Tolstoy has a new book out. No, not that Tolstoy — Sofiya Tolstoy, wife of Leo Nikolayevich. Her long-lost novella, which languished for years in the Tolstoy Museum in Moscow, has finally been published, as part of an expanded edition of her husband’s The Kreutzer Sonata. At Slate, Ron Rosenbaum praises her story, calling it “graceful, emotionally intuitive and heartbreaking.” Related: 8 experts on whether Leo Tolstoy is better than Dostoevsky.
Patti Smith’s M Train was released this Tuesday. Geoffrey O’Brien reviews her memoir at The New York Review of Books: “Perhaps M Train represents the attempt by someone whose career is as public as can be imagined to stake out a zone of inviolable privacy, albeit through the public act of writing a book meant for publication.” Need more music? Check out our Torch Ballads and Jukebox Music column.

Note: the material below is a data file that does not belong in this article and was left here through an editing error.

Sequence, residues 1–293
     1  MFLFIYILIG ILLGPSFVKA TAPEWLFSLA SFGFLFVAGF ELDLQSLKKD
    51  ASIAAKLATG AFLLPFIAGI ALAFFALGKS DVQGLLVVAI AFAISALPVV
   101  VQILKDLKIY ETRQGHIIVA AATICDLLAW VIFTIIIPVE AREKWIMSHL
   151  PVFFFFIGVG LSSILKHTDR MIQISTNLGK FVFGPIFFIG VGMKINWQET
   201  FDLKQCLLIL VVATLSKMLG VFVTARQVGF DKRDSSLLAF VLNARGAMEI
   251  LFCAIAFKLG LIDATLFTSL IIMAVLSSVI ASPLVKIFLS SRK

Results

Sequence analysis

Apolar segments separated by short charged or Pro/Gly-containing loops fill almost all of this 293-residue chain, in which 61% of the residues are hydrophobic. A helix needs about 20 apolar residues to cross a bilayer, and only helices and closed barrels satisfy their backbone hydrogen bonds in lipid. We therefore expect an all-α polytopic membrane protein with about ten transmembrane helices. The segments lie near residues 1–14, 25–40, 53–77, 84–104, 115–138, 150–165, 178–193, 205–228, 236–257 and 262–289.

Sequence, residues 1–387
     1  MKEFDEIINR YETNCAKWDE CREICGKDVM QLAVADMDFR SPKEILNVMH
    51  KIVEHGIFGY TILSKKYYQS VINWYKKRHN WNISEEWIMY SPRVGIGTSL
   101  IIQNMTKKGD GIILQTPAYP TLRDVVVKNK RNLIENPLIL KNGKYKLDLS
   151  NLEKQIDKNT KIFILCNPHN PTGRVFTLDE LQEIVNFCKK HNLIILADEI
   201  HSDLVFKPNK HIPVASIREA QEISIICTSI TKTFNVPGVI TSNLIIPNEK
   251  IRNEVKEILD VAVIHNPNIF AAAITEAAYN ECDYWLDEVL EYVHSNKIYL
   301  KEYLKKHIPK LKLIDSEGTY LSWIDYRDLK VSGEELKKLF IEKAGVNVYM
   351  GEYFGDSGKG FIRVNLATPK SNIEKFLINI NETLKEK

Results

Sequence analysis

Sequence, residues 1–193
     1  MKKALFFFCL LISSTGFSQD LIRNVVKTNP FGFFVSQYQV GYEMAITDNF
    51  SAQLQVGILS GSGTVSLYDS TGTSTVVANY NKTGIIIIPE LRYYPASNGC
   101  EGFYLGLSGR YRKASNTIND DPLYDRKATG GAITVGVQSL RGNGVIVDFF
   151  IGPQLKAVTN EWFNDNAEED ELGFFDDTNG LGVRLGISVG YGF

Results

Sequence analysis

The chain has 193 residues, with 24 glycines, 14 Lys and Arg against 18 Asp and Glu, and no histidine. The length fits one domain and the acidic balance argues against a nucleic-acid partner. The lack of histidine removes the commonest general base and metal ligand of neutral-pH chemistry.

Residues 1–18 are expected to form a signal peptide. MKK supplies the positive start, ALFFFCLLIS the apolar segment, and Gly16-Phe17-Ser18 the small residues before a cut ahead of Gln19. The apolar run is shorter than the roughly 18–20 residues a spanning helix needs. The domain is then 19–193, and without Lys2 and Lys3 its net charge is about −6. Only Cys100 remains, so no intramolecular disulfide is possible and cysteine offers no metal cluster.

New this week: Bright, Precious Days by Jay McInerney; Carousel Court by Joe McGinniss, Jr.; How I Became a North Korean by Krys Lee; Moonstone by Sjón; and Still Here by Lara Vapnyar. For more on these and other new titles, go read our Great Second-Half 2016 Book Preview.
“The main problem with Homeland is not even the writers taking Adderall or whatever they did in the second season that eliminated suspense and brought instead an unhinged intensity of movement that barely allowed space and time enough for the cast members to occupy their roles. The main problem with the show is a kind of elephant in the room.” Lorrie Moore explains her gripe about the celebrated series.
In conversation with New Yorker writer Jia Tolentino, Swing Time author Zadie Smith explained why she doesn’t engage in social media: “I want to have my feeling, even if it’s wrong, even if it’s inappropriate, express it to myself in the privacy of my heart and my mind. I don’t want to be bullied out of it,” according to the the Huffington Post. Read Sarah Labrie‘s essay on social media anxiety from our archives.